Excepted benefit HRAs. If an employer wants to offer an HRA that is not integrated with non-HRA group coverage, Medicare, TRICARE, or individual health insurance coverage, they may do so as an excepted benefit. As excepted benefits, these HRAs would not be subject to the employer group plan rules, including the ACA market reforms. To meet the requirements for an excepted benefit HRA, the HRA:
- must not be an integral part of the plan;
- must provide benefits that are limited in amount ($1,800 per year, adjusted for inflation after 2020);
- cannot provide reimbursement for premiums for individual, group (other than COBRA), or Medicare coverage; and
- must be made available under the same terms to all similarly situated individuals.
Employer mandate. In FAQs issued in conjunction with the final rules, the DOL explains that an offer of an individual coverage HRA counts as an offer of coverage under the employer mandate. In general, whether an applicable large employer that offers an individual coverage HRA to its full-time employees (and their dependents) owes a payment under the employer mandate will depend on whether the HRA is affordable. This is determined under the premium tax credit rule being issued as part of the HRA rule and is based, in part, on the amount the employer makes available under the HRA. The IRS will provide more information on how the employer mandate applies to individual coverage HRAs soon.
Notice to employees. The FAQs also provide that individual coverage HRAs must provide a notice to eligible participants regarding the individual coverage HRA and its interaction with the premium tax credit. The HRA must also have reasonable procedures to substantiate that participating employees and their families are enrolled in individual health insurance or Medicare, while covered by the HRA. The DOL has provided a model notice and a model substantiation form that employers can use.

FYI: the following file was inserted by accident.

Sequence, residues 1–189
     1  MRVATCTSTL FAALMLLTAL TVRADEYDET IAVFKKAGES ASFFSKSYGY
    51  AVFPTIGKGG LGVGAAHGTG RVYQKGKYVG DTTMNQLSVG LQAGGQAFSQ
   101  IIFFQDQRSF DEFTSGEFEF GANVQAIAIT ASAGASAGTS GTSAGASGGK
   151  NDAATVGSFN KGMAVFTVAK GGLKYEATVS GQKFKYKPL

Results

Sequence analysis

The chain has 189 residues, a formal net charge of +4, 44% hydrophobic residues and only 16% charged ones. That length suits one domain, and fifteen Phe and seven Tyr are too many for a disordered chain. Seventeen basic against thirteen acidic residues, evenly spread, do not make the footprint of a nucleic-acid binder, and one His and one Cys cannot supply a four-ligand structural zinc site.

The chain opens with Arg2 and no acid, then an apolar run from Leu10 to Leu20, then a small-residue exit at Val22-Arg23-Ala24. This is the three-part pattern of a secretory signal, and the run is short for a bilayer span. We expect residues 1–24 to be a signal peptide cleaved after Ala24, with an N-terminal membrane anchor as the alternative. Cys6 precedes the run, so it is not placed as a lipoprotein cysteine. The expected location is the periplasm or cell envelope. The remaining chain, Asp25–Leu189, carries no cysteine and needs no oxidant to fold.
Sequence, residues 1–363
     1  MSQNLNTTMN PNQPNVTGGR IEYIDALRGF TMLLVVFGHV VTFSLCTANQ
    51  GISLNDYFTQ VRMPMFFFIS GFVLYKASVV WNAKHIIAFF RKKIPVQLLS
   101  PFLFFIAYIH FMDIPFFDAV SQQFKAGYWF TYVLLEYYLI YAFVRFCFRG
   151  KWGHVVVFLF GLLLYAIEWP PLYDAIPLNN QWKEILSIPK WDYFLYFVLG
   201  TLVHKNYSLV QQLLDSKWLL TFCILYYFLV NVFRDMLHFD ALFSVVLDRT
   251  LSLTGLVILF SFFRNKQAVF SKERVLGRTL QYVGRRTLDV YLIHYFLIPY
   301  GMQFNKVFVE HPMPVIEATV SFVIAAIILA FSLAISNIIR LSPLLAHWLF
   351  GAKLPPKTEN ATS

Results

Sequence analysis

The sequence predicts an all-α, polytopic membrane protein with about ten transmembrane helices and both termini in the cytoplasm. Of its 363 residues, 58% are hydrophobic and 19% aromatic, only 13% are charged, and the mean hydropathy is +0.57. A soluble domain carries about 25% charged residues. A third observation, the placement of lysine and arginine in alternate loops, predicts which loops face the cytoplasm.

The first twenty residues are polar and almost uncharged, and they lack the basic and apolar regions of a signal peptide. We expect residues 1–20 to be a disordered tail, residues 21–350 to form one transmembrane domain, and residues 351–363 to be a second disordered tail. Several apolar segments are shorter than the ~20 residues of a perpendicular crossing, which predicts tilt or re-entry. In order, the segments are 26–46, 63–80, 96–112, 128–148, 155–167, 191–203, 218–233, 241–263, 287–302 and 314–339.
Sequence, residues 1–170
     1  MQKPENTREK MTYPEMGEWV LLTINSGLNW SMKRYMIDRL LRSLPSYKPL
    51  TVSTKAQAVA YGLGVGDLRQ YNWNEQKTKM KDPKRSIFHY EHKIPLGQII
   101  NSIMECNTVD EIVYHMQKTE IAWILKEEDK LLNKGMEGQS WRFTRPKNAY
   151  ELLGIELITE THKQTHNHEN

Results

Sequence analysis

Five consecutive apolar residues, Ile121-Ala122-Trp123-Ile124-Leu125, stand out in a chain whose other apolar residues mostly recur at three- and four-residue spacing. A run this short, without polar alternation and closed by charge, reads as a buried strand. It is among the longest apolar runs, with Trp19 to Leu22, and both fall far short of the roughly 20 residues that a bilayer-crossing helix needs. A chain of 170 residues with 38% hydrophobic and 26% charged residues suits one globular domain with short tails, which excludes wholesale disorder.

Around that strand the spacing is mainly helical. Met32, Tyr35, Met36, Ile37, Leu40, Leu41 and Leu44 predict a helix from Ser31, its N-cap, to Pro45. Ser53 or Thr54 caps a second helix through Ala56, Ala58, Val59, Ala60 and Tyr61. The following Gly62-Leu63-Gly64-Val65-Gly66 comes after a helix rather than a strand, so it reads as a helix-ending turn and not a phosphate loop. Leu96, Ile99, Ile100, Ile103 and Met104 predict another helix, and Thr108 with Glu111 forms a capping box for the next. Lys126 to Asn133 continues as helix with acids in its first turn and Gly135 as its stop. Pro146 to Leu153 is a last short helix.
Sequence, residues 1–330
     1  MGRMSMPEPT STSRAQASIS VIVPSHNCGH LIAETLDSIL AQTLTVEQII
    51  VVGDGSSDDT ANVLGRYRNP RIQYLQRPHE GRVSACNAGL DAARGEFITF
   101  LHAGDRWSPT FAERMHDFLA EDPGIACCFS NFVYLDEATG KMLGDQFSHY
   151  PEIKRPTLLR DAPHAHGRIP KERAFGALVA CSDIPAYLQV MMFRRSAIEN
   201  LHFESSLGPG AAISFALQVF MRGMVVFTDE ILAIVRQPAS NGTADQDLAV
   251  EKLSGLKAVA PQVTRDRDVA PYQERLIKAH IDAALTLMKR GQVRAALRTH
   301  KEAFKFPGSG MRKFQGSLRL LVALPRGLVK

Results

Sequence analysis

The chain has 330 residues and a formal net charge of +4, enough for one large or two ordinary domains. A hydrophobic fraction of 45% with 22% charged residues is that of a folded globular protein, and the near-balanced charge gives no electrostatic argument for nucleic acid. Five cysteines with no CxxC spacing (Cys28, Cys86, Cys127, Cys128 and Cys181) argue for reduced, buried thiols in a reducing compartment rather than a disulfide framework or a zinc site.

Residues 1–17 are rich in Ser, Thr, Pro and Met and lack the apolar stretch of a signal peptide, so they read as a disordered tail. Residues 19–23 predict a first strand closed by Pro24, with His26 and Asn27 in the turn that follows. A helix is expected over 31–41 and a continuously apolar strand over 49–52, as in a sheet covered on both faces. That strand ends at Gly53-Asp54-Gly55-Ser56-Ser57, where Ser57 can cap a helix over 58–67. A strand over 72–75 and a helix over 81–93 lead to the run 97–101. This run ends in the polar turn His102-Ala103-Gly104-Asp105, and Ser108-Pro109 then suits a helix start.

Also, employees must be permitted to opt out of an individual coverage HRA at least annually so they may claim the premium tax credit if they are otherwise eligible and if the HRA is considered unaffordable.
ERISA safe harbor. The final rules provide that individual health insurance coverage selected by the employee in the individual market and reimbursed by such a plan is not part of a group health plan, is not health insurance coverage offered in connection with a group health plan, and is not a part of any employee welfare benefit plan for purposes of ERISA, provided all the following conditions are satisfied:
- The purchase of any individual health insurance coverage is completely voluntary for employees,
- The employer, employee organization, or other plan sponsor does not select or endorse any particular issuer or insurance coverage,
- Reimbursement for non-group health insurance premiums is limited solely to individual health insurance coverage
- The employer, employee organization, or other plan sponsor receives no consideration in the form of cash or otherwise in connection with the employee’s selection or renewal of any individual health insurance coverage, and
- Each plan participant is notified annually that the individual health insurance coverage is not subject to ERISA.
Estimated use. The departments estimate that once employers fully adjust to the new rules, roughly 800,000 employers will offer individual coverage HRAs to pay for insurance for more than 11 million employees and family members, providing these Americans with more options for selecting health insurance coverage that better meets their needs. The departments estimate that, once fully phased in, about 800,000 people who were uninsured will gain coverage.
SOURCE: 84 FR 28888, June 20, 2019, and FAQs on New Health Coverage Options for Employers and Employees, June 13, 2019.